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Moderna says Omicron COVID-19 vaccine could be ready by early 2022

Click to play video: 'COVID-19: How the Omicron variant could affect hospitalization rates in Canada' COVID-19: How the Omicron variant could affect hospitalization rates in Canada
WATCH: How the Omicron variant could affect hospitalization rates in Canada – Nov 28, 2021

Moderna said a new vaccine to tackle the Omicron COVID-19 variant could be ready by early 2022 if it is needed.

Moderna’s chief medical officer, Dr. Paul Burton, said in an interview on BBC’s Andrew Marr Show that if a new vaccine is necessary, “I think that’s going to be early 2022 before that’s really going to available in large quantities.”

“The remarkable thing about the mRNA vaccines, Moderna platform is we can move very fast,” he said, noting that the company started work on an Omicron vaccine on Thursday, during the U.S.’s Thanksgiving holiday.

Read more: Netherlands, Australia confirm cases of Omicron COVID-19 variant

Burton said Moderna should know whether the current COVID-19 vaccine can provide protection against Omicron in the “next couple weeks,” but said it is his suspicion that Omicron may escape that protection given the 30 mutations of the variant — nine of which are known to be “associated with immune escape.”

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“You bring those together I think this is a very concerning virus.”

Global News reached out to Moderna for a more specific timeline on the potential vaccine but did not hear back at the time of publication.

The World Health Organization (WHO) has named Omicron a “variant of concern,” stating it is potentially more contagious than other variants, though it is not yet known if it causes more or less severe COVID-19.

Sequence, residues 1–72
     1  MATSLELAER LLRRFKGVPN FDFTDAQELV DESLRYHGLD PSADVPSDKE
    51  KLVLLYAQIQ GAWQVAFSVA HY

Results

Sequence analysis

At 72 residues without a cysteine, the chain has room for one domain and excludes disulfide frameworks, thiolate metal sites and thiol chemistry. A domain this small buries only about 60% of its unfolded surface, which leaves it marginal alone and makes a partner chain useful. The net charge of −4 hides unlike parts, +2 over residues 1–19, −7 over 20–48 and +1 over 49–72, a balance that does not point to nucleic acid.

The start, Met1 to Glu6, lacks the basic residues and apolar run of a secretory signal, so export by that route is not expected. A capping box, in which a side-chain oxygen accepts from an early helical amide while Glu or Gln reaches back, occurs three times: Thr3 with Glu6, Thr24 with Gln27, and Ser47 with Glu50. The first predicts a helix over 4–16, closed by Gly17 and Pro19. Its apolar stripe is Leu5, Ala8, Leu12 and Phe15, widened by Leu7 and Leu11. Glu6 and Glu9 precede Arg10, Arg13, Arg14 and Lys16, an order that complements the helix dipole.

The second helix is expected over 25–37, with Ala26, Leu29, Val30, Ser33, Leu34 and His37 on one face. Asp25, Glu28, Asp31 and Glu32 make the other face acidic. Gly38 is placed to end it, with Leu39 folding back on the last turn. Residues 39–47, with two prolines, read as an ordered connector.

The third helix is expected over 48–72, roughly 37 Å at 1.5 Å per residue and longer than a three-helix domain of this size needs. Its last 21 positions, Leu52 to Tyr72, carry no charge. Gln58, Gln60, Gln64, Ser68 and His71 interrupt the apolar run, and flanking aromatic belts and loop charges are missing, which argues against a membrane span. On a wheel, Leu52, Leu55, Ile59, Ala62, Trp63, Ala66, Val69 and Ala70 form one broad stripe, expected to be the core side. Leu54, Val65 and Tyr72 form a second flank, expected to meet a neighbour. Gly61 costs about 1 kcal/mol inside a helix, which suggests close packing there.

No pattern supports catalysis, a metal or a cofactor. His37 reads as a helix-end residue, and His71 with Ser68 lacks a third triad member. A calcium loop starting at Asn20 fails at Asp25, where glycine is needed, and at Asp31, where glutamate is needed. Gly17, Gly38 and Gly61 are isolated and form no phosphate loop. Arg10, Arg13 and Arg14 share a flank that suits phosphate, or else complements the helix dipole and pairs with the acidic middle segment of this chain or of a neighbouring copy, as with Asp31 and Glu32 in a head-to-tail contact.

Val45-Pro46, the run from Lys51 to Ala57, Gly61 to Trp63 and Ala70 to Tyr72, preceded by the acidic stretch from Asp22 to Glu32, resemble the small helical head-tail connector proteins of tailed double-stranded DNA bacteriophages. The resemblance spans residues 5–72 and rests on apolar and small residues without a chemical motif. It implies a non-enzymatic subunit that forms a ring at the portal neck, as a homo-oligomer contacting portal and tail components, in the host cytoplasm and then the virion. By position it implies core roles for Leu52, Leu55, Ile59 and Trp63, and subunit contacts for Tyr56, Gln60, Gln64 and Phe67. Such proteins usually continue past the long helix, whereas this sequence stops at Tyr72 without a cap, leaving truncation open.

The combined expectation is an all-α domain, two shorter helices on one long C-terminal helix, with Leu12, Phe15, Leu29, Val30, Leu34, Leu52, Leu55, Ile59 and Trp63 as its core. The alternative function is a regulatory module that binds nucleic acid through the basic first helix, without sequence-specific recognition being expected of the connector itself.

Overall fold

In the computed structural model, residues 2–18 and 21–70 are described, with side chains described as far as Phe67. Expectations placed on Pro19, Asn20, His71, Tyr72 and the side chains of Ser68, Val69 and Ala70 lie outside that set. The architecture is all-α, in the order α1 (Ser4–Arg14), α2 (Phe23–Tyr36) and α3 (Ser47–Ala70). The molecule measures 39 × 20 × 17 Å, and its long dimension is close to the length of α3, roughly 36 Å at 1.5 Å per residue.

Countries have begun to enact travel restrictions to limit the variant’s spread, including Canada, which has placed a travel ban on several south African countries.

Click to play video: 'COVID-19: Multiple countries detect heavily mutated Omicron variant' COVID-19: Multiple countries detect heavily mutated Omicron variant
COVID-19: Multiple countries detect heavily mutated Omicron variant – Nov 27, 2021

Omicron must be assessed for its impact on older populations and those with pre-existing conditions, said Burton, adding that until then “we really will not get a handle on exactly how severe the disease could be.”

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Nevertheless, Burton said he has cause to be hopeful.

“We have learnt a lot about this virus in general,” he said. “We’ve learnt so much about how to deal with COVID as well through simple measures and obviously through vaccines.”

— with files from Reuters

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